bonds denies it again and again, but there is plenty of reason to suspect him of steroid use. i know as well as anyone that a man puts on weight as he ages. but unlike most men, bonds went from a lithe 185 pounds to a rock-hard 235 pounds in his major league career. he has been called to testify in a federal investigation of balco labs, a bay area maker of performance enhancing concoctions. before joining the giants in 1993, he never hit more than 34 home runs. since then, he's averaged just under 44, including a 73-dinger outburst in 2001.

football legend lyle alzado died of a brain tumor that he swore was related to his steroid use. yankee slugger jason giambi was diagnosed with a tumor on his pituitary gland this season, after shedding 30 pounds in the off-season while the balco investigation was underway. a doctor friend of mine says you don't need to be an endocrinologist to make a prima facie diagnosis.

the dangers of steroids are obvious. the dangers of cocaine no less so. but the penalties for the two are so widely disparate as to be laughable. reams have been written about major league baseball's pathetic steroid testing policy.

daryl strawberry was a cokehead, and he will never get into the hall of fame. true, his career numbers would have made it iffy, at best. but those who obviously have abused 'roids do not bear the same stigma. in fact, i suspect the way is being paved for at least one already.

Monday, November 29, 2004

media blips

the washington post is aghast at the investigation into who has been leaking delicate information to reporters. in a front-page analysis piece in today's issue, by charles lane, the post frets over the possibility of jail terms for reporters who refuse to divulge their sources.

i am all about a free press. before i became a lawyer, i was a journalist for many years, an emmy award-winner trained at columbia university's graduate school of journalism, the best in the world. i have studied and taught censorship law, always with the guide provided by the words of james madison: "knowledge will forever govern ignorance, and a people who mean to be their own governors must arm themselves with the power knowledge gives." i, however, do not believe in a press unfettered by responsibility and accountability.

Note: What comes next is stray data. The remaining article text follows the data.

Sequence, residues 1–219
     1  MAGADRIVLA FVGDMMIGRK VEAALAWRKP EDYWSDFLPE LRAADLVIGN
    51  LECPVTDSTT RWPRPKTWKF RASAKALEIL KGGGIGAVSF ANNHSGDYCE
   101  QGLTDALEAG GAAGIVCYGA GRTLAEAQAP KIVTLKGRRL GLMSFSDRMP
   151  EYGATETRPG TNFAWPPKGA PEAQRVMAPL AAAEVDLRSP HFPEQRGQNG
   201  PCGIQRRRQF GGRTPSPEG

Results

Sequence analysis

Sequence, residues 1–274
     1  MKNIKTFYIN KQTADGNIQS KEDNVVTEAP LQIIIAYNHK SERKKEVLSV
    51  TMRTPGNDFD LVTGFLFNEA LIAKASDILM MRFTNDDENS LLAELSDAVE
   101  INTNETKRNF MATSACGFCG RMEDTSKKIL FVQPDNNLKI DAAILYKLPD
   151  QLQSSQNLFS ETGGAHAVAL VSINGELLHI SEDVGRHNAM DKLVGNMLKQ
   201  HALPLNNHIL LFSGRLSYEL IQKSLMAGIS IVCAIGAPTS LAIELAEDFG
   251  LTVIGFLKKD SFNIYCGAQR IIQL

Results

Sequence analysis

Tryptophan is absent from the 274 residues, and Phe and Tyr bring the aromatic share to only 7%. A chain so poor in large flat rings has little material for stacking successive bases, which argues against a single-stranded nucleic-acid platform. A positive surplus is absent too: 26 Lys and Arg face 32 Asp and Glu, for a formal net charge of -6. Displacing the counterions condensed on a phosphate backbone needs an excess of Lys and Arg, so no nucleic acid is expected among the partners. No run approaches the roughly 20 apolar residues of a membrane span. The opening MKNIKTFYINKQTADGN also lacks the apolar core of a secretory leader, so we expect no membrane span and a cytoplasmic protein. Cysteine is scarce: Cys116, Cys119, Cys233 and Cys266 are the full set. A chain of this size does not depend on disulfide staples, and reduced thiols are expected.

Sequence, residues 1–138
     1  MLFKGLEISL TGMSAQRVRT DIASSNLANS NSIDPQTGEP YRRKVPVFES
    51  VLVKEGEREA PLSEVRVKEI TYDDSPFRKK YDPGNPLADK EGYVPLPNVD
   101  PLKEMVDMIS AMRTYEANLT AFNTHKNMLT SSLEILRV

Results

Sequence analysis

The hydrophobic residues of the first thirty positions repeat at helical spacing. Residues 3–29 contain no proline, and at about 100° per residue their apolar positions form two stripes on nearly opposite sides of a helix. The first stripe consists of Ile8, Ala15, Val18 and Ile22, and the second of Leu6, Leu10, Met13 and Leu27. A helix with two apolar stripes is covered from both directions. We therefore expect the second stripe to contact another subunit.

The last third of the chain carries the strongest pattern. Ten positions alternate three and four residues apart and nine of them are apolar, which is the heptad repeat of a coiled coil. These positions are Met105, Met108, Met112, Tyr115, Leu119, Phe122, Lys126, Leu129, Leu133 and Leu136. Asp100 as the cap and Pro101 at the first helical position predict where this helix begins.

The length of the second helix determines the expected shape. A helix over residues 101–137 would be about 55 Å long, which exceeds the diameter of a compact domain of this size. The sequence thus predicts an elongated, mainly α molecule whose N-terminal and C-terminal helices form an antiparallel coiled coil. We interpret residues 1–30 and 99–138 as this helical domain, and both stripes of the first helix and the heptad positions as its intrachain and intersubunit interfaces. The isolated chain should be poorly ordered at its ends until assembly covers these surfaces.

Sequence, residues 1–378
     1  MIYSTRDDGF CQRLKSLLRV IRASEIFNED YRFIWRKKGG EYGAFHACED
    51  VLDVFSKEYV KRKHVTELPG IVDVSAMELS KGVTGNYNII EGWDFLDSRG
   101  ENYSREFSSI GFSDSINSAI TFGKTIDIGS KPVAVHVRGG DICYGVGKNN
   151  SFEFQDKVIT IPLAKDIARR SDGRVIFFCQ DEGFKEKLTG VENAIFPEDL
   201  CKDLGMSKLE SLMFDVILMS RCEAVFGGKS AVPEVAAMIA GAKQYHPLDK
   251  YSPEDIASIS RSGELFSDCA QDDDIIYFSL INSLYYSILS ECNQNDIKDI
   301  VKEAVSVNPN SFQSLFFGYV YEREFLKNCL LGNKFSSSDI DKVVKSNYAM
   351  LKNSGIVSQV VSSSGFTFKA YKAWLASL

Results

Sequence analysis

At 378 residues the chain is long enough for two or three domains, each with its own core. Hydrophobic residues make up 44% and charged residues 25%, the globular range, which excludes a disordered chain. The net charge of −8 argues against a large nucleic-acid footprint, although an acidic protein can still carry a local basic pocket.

the current free press flame-up is based first and foremost on the outing of valerie plame, a covert c.i.a. operative. in case you haven't been paying attention, her identity was leaked to reptilian rightwing pundit robert novak, who promptly made said information public. the purpose was to punish her husband, former ambassador joseph wilson, for calling attention to the bush administration's lies about iraq's alleged purchase of nigerian uranium. wilson was in perfect position to debunk bush's claims, because he had been sent to niger to investigate the allegations by the bush administration. so he had to be discredited, and the only way to do so was by outing his wife as a spook.

this is a violation of a federal national security law that prohibits this very sort of thing, and makes it punishable by up to 10 years in prison. novak is a republican hack with the scruples of a rutting boar, but none of the personality. he happily took part in a felony, and so far hasn't had to answer for it.

strangely enough-- and here i agree with the post-- patrick fitzgerald, the u.s. attorney in chicago who was called in to investigate, has not publicly addressed whether novak is being investigated. those whom he has gone after, matthew cooper of time magazine and judith miller of the new york times, are far less culpable than novak, especially since novak clearly knows who the original leaker was. cooper and miller face 18 months each for contempt for refusing to identify their sources before a grand jury. neither fitzgerald nor novak will discuss whether novak was subpoenaed to appear. could it be that he worked a deal with his source, guaranteeing his freedom from prosecution? and who would have the power to make such a deal?

the ultimate irony of this is that novak publicly chastised dan rather for refusing to identify his source on the bush national guard story. this bit of slime earned novak a "douchebag of the week" award from "the daily show." couldn't happen to a nicer guy.